Writing: The Never-Ending Journey

Photo by Bec Brown

Photo by Bec Brown

When I first started this blog, the subtitle was “A Blog about Writing a Novel.” I thought of it as a journal documenting the process of writing my first novel and trying to get it published. Of course, at the time, I had no idea whether I would get it published (or even finished).

Well, “The Obsidian Mirror” was finished and published, and now will be republished by Diversion Books. (They are giving it a new cover as well, which should be interesting. I can’t wait.) I have a contract for the sequel from Diversion, and I have written about 20% of the first draft.

So it’s no longer a blog about writing a novel. It’s about the journey I am on as an author. I have changed the subtitle to “The Journey to Authorship.”

Now, that sounds like I will be forever journeying toward a goal, but never reaching it. That would be exactly right.

I learned a huge amount about writing a novel when I wrote “The Obsidian Mirror.” I revised it eight times. I had many people read it and comment on it, including the wonderful Gail Z. Martin, who has authored numerous fantasy novels herself.

Now I am trying to put those lessons to good use in the sequel. I am also trying out new things. For example, the antagonist in “Fire in the Ocean” (working title) is not an evil god. He’s not even evil. As a reader, I am much more interested in complex characters than cardboard cutouts, but as a writer, it’s really easy to fall into the mistake of making evil characters 100% evil, twiddling their mustachios and laughing, “BWAHAHAHAH!” (Okay, maybe not that bad, but you get the idea.) So I am trying to create a more complex character, one who is human, with human strengths and weaknesses, whose actions are not motivated by pure nastiness.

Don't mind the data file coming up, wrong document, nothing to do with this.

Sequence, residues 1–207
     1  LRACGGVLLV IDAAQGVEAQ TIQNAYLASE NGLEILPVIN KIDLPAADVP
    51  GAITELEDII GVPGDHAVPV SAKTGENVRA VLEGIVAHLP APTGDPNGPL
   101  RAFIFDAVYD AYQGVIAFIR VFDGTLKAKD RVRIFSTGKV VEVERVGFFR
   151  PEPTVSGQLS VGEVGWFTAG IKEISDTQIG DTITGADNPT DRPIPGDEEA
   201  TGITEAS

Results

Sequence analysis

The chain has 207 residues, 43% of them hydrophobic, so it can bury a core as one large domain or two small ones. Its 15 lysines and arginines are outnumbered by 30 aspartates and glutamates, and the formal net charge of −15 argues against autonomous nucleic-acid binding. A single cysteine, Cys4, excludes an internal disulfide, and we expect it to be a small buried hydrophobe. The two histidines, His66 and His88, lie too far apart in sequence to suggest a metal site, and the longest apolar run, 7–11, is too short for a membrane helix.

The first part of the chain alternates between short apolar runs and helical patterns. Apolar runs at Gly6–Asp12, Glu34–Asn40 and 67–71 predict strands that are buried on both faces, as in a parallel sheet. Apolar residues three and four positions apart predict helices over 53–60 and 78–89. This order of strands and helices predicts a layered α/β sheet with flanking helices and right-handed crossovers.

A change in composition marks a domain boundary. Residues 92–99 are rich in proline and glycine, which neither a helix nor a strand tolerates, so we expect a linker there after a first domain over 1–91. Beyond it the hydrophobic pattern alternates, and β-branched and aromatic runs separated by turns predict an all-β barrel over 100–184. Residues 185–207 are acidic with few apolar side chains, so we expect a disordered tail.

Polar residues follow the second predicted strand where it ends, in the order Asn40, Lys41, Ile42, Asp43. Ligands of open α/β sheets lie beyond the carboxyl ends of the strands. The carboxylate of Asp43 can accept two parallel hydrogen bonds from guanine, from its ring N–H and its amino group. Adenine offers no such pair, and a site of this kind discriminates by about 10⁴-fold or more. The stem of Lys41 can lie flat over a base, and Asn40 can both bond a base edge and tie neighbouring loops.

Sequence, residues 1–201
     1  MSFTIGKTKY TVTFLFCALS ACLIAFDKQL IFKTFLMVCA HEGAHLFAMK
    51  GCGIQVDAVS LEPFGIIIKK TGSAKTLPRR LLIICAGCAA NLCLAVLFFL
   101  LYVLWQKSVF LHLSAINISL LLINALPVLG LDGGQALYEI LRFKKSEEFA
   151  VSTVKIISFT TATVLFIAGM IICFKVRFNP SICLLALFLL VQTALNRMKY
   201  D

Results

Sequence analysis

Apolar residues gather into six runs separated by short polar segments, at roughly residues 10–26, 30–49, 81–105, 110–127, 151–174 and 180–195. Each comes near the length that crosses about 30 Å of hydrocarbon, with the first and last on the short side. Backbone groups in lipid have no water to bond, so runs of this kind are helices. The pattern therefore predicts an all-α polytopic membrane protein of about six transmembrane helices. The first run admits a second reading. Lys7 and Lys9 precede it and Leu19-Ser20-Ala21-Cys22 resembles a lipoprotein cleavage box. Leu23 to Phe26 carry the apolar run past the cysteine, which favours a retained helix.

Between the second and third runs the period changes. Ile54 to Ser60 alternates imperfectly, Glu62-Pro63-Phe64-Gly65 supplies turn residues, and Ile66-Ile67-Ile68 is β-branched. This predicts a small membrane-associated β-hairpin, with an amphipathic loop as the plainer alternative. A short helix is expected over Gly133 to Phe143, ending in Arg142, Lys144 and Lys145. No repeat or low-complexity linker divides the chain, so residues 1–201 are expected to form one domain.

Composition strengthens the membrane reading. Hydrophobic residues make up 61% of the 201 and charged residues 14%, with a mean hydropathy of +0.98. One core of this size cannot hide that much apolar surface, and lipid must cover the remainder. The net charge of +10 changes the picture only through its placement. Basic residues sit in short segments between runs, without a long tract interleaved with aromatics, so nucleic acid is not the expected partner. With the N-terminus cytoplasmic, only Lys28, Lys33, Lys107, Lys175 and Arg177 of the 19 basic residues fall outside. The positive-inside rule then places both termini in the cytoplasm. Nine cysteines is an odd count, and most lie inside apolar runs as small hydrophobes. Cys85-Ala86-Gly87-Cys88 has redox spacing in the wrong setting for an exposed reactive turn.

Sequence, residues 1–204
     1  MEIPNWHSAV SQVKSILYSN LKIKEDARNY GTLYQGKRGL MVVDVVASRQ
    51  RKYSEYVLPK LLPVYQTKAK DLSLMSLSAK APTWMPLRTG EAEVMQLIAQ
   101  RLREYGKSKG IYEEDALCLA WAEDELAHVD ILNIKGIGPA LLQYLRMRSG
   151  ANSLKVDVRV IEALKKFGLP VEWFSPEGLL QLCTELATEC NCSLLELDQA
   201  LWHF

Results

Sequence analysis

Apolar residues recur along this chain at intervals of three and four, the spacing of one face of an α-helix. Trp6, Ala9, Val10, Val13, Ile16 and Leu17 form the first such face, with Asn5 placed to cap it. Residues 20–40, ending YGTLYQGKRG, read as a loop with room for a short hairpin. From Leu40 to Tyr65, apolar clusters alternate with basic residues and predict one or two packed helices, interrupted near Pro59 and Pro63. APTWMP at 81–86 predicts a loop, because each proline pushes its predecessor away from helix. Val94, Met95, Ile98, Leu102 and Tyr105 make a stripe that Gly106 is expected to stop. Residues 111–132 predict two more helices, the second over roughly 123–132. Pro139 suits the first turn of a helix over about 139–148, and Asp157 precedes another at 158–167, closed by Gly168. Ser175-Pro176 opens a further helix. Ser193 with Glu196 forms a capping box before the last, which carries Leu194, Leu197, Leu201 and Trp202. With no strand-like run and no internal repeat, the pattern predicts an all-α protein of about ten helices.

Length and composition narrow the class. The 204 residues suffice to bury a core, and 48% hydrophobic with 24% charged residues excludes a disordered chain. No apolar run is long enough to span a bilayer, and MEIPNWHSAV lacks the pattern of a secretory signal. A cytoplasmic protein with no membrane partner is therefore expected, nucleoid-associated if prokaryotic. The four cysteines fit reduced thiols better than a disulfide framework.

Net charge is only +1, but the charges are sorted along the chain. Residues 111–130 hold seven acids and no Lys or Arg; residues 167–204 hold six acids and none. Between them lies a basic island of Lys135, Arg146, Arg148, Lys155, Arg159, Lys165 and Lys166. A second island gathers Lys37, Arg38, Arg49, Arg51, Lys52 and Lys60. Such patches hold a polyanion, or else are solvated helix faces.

I have to admit, this is a bit scary for me, and I am proceeding with this character in baby steps. But, as in “The Obsidian Mirror,” I am still trying to understand why perfectly normal people do massively destructive things to the environment—even though they have to live the consequences along with the rest of us.

Another challenge is the setting in Hawai’i. “The Obsidian Mirror” was set in Silicon Valley, where I lived and worked for more than 30 years, so I knew it very well. I have visited Hawai’i many times and love it, but I am not as intimately familiar with it as I am with Silicon Valley. I spent eight days on Moloka’i, where much of the novel takes place, but eight days doesn’t make me an expert. Fortunately, I made some friends in Moloka’i while I was there, and I am hoping they will help to correct any inaccuracies or general idiocies I may commit.

So I am still learning and stretching my authorial wings. I am on a journey I suspect I will never complete, because I hope always to be learning more about my craft and growing as a writer. If I stop doing that, I will stop writing.